Top 5: Best Designs of 2015
It’s that time of the year, where everyone and their top-5-favourite-dogs-of-the-year are counting down the best and worst lists for 2015. We here at Hockey By Design are not immune to such things. In fact, we do it on a semi-regular basis. Why? Because they’re addictive. And because you seem to like them.
So today, we’re moving to the Top 5 Best Designs of 2015 in the NHL. Yesterday, we did the Top 5 Worst Designs of 2015, and you can read that here. Why worst first? Because you always pick the bad news before the good news when given the option. Always. Remember, these are the Top 5 Worst Designs that were announced in 2015. Not all of them have necessarily been used in a game yet.
A special Honourable Mention goes to the San Jose Sharks for bringing back their original logo and jersey for select games during the 2015-16 season to celebrate their 25th anniversary. It’s not a ‘new’ NHL jersey, so it can’t make the Top 5, but it’s classic, it’s awesome, and it was the first jersey to introduce teal into the hockey design vernacular. If not for the NBA’s Charlotte Hornets, it was the first in all of professional sports North America. And they were uber-successful, as they should be. Check out our interview with the logo/jersey designer to get the back story on how it was created.
It’s difficult to design an orange jersey properly (see: Anaheim), but for teams that do it well (see: Philadelphia) it’s an impactful and visual punch in the face that can look really fantastic on the ice. The Oilers here haven’t pulled it off to perfection (still a bit too busy), but it’s a really great and unexpected attempt, basing the design closely on their old WHA jerseys, complete with numbers on the shoulders. It fits solidly within their jersey set and established classic branding. For a team that hasn’t done great with alternative jerseys and/or branding changes, it’s nice to see them celebrate their classic look.
I’ll let Ally Koss, our resident goalie mask expert, take this one:
In a rare aberration from Rinne’s long string of monster masks, this season Dave Gunnarsson helped the Preds goaltender create a tribute mask for his cousins. “On the side you will find paintings of Pekka[‘s] cousins and his sister as kids,” Gunnarsson explains on Instagram. “On the other side, paintings of Pekka and his cousins playing pond hockey as kids, and also a painting of Pekka playing as a pro.” The interpretation of Nashville’s alternative logo is fantastic, as the guitar pick shape fits perfectly on the top of the mask. As Gunnarsson described, it showcases in the Predators brand in an explicit way while still honoring Rinne’s family as he wanted. The composition is a bit stagnant, being so symmetrical and having most of the artistry hidden in such fine, subtle details, but this mask really is a beautiful tribute to Rinne’s family, which makes it an automatic success.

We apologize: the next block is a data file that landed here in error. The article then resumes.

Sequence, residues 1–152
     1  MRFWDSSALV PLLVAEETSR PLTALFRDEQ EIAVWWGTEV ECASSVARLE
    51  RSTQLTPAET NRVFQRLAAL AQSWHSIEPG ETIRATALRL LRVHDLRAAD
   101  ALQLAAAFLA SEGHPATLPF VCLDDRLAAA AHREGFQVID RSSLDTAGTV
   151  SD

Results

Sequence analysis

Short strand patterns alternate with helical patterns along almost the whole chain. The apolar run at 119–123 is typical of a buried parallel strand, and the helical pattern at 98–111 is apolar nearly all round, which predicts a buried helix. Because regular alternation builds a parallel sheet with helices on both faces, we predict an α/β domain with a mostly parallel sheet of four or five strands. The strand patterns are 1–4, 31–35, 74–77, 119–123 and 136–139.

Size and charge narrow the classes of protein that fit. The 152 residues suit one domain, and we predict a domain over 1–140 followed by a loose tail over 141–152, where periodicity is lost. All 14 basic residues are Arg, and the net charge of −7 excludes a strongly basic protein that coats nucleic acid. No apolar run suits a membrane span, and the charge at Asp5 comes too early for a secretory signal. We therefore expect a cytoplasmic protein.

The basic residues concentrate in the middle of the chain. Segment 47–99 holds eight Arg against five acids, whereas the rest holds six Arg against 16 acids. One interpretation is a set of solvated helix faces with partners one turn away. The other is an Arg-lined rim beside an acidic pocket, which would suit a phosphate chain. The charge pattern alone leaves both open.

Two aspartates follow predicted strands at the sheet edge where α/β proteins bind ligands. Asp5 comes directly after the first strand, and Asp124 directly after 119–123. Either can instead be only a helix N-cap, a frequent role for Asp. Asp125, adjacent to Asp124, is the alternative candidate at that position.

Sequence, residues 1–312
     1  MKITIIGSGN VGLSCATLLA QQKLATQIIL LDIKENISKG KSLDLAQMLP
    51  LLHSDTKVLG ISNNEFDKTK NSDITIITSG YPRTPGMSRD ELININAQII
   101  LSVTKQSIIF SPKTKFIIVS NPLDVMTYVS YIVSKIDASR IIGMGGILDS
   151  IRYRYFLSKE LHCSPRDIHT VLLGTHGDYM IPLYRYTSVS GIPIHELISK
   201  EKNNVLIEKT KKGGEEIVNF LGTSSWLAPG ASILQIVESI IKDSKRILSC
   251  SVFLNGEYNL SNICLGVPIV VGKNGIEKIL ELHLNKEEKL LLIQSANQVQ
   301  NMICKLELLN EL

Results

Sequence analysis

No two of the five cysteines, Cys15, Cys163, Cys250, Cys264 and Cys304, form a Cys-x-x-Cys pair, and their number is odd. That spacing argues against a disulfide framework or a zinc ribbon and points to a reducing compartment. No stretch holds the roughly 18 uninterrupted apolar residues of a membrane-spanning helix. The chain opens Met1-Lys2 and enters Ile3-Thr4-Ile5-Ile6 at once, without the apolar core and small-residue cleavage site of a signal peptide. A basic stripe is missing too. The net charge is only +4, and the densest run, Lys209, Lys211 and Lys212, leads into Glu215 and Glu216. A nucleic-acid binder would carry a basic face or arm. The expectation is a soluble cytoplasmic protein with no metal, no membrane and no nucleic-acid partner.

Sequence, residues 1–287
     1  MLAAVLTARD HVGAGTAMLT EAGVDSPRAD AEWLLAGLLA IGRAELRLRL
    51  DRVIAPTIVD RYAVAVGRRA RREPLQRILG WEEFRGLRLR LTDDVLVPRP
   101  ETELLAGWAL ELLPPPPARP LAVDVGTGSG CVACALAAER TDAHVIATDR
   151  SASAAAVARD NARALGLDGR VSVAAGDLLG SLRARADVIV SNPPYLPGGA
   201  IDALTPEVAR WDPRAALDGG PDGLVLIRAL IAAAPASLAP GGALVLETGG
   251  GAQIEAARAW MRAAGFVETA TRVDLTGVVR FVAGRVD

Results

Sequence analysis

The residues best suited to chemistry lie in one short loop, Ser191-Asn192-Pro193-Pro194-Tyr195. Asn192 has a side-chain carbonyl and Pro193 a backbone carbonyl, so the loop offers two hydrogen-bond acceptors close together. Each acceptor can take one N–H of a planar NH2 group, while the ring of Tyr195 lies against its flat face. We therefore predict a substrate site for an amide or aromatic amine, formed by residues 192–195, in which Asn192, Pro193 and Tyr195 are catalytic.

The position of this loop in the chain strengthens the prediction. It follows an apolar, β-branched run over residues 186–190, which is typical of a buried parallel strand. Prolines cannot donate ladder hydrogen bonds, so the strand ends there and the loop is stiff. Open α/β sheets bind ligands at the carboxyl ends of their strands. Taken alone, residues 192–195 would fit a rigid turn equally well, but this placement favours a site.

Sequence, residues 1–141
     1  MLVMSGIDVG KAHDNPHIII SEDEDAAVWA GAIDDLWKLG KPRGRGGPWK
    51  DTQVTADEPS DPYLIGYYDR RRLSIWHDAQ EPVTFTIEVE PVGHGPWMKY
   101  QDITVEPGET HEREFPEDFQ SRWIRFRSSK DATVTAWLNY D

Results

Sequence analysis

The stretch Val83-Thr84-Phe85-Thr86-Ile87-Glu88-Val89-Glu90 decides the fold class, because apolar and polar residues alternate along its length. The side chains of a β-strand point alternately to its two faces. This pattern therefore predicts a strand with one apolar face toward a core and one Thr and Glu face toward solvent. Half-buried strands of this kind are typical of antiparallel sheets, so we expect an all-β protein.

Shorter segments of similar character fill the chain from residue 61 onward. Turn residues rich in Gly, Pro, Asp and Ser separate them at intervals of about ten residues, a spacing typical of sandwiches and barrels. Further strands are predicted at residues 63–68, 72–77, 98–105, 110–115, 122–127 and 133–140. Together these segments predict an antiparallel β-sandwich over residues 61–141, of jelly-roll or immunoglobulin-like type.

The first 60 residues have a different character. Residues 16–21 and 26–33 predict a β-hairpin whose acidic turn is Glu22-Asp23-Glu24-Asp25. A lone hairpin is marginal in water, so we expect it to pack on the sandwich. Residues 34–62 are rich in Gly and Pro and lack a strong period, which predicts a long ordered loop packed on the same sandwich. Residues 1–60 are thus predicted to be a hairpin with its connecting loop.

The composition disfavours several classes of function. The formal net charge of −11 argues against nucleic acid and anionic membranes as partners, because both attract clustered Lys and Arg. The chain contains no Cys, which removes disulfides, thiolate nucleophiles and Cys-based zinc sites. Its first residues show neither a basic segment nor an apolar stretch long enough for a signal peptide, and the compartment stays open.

The Stadium Series uniforms so far haven’t really been examples of great hockey uniforms design, appearing more often than not on the Worst of the Year list than the Best. So, it’s really nice to see one finally achieve something that really works and fits the general look the league goes for: large simplicity. And it helps that the league, for the first time, isn’t mandating a specific jersey template for all the Stadium Series teams to use. Minnesota put this creative freedom to good use: strong simple stripes on the sleeves and socks, impactful white shoulder yokes, the Wild-styled “M” on the pants. It all creates an incredibly classic and (at the same time) forward-thinking uniform. Nice patches too. And it even doesn’t make the large numbers look incredibly stupid.
This thing is a perfect example of how you do event logos. It’s got very strong connections to its location, with very well-executed Nashville-esque (read: country music-esque) typography. It’s got very strong connections to the hosting team, with the Predators’ colours, their three-starred alternative logo being used (which fits nicely with the All-Star Game). The league logo is placed smartly: clearly visible but not interfering with the design. The additional elements and flourishes (including subtly placed hockey sticks and a puck) are all well done. And it’s all tied together within the guitar pick, again drawing from both Nashville’s musical legacy and the Predators’ alternative logo. It’s just extremely well-executed all around.
It’s the first new Habs jersey concept since 1944, and it was worth the wait. These things are just fantastic. Old without looking dated. New while still looking vintage. It strikes an almost perfect balance between jersey design innovation and paying homage to the Habs’ storied past. And the inclusion of the globe on the sleeves – drawing from their 1924-25 jerseys – is a unique addition that delves into their history. When Bruins fans are even admitting they’re nice jerseys, you know you’ve got something good. Still nobody seems able to do jerseys quite like the Canadiens do.
Full Analysis: HbD Breakdown: Canadiens’ Winter Classic Jerseys
Don’t forget, we counted down the worst designs of 2015 yesterday.